blog

What Is Your Time Really Worth?

Start your post here...How soon do you want your loan declined?
By Steve Mariani

What is your time really worth?
Based on our experience working with hundreds of brokers throughout the country we’ve uncovered some very interesting information that may help you increase profits moving forward. What we’ve found after all the conversations we’ve conducted on this topic is that most brokers are spending 30% to 40% of their time (on a single deal) securing the financing or assisting the buyer in securing the financing. We were extremely surprised as the feedback began coming in. Most brokers we spoke with had an average deal size of between 250M and 1.2MM and found more concerns and time spent hand holding their lender through the entire process.
If you have been following my previous writings then you should have a good idea of my motivation and drive for my writings, assist intermediaries nationwide in closing more transactions. That being said, I don’t want this writing to appear “more self-serving” then it actually is. Please read the following with this in mind. This information is based on the current nationwide volume increases being experienced by brokers and the feedback provided by them during 2016 and early 2017.
So let’s get back to the question, how soon would you like your decline? Only acceptable answer: As Soon As Possible. Today would be great.
What we found over our 22 years is that once a lender begins down a negative road on a transaction then turning them around becomes a big battle which rarely turns out positive but always takes too much time. We don’t do this anymore and have learned that replacing that lender is a much better use of our time. The difference here is we do have the ability to demand a quick screening of any deal with our preferred lenders based on our higher volume levels.
Again, what is the actual cost of time in your office? I could never begin to guess but what I can suggest is that it may be worth your time to explore and evaluate your true cost of time spent with lenders on a per deal basis.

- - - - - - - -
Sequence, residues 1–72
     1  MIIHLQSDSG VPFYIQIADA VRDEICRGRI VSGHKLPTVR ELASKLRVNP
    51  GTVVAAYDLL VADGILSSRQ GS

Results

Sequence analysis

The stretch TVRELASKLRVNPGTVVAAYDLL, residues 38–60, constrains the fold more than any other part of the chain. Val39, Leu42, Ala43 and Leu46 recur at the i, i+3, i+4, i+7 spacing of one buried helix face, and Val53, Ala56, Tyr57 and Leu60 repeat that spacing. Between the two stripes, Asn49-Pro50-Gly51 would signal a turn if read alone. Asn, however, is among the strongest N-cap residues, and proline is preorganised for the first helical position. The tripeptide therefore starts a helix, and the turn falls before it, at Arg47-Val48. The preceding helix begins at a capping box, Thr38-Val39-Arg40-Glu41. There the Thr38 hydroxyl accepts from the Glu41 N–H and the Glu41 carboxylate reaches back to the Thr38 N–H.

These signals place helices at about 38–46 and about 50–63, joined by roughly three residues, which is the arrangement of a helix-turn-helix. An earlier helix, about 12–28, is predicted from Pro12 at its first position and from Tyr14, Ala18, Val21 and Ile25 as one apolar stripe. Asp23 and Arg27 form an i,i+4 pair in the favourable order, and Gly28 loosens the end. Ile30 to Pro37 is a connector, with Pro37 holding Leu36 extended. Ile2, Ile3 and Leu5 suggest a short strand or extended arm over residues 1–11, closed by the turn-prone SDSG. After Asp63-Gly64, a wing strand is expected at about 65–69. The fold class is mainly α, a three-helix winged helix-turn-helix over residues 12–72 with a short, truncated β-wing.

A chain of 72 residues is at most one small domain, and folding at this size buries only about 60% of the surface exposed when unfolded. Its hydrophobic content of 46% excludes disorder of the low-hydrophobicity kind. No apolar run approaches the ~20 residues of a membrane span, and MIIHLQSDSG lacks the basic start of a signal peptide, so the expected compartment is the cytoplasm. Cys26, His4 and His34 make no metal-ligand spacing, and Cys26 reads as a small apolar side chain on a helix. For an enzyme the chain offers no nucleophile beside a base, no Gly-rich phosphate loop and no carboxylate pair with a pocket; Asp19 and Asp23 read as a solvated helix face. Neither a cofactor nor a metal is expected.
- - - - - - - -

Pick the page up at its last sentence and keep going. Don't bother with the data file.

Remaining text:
With all the lending options available to you these days, I’m sure picking the right lender for the right deal sometimes becomes a challenge. Most times you probably find the most appropriate one quickly, say within a week or so. If all goes well you’ll provide answers to initial underwriting questions and then in more detail as the loan request moves through the system. Eventually you secure an approval and move to close, which you also should stay involved in as this cannot be left to the buyer without guidance.
The concern comes when the lender requires more and more information showing no true level of interest, just trying to fit this transaction into their specific “lender guidelines”. Now your 2 or 3 weeks (I’m being conservative here as many times it’s 5 and 6 weeks) into the financing aspect of the transaction but a concern of one type or another pops up, be it a license, a landlord, the buyers resume’ or just a numbers concern from the lender or (and I bite my tongue here) a flat out decline. Now we must start the process over but are a many weeks into the LOI and the seller begins to be concerned. Adding to the list of time wasters, calming down the seller and keeping him on board with the transaction is another full time job that we understand. Your compensation is lowered yet again with each decline.
Beginning the financing over from the get go can be a deal killer as we all are aware, time kills deals. One way that we’ve found to conserve time is to include in your offer (or LOI) a 30 day clause to secure a full financing approval. Once a borrower exceeds this initial 30 days then your seller knows the business is back on the market and should this buyer then be approved, he is back in the transaction. No time is wasted and the seller has only removed his business from the market for 30 days. Should this buyer be able to secure a loan commitment within the 30 days, the transaction moves toward closing.
The alternative that we see too often is the offer to purchase includes a 90 day to close window and hence removes the business for sale the entire time. That’s 3 months this potential buyer has to close with no specific mention of him proving his funding is in place. We have always encouraged the 30 day clause as it respects the seller’s time and is enough for a true lender to do a proper job on underwriting.
Here’s the bottom line. Hold your lenders to a set timeframe, be it a day, week or more but have them commit to providing an answer by a predetermined date. No exceptions. This allows you to allocate your time as appropriate.
Steve Mariani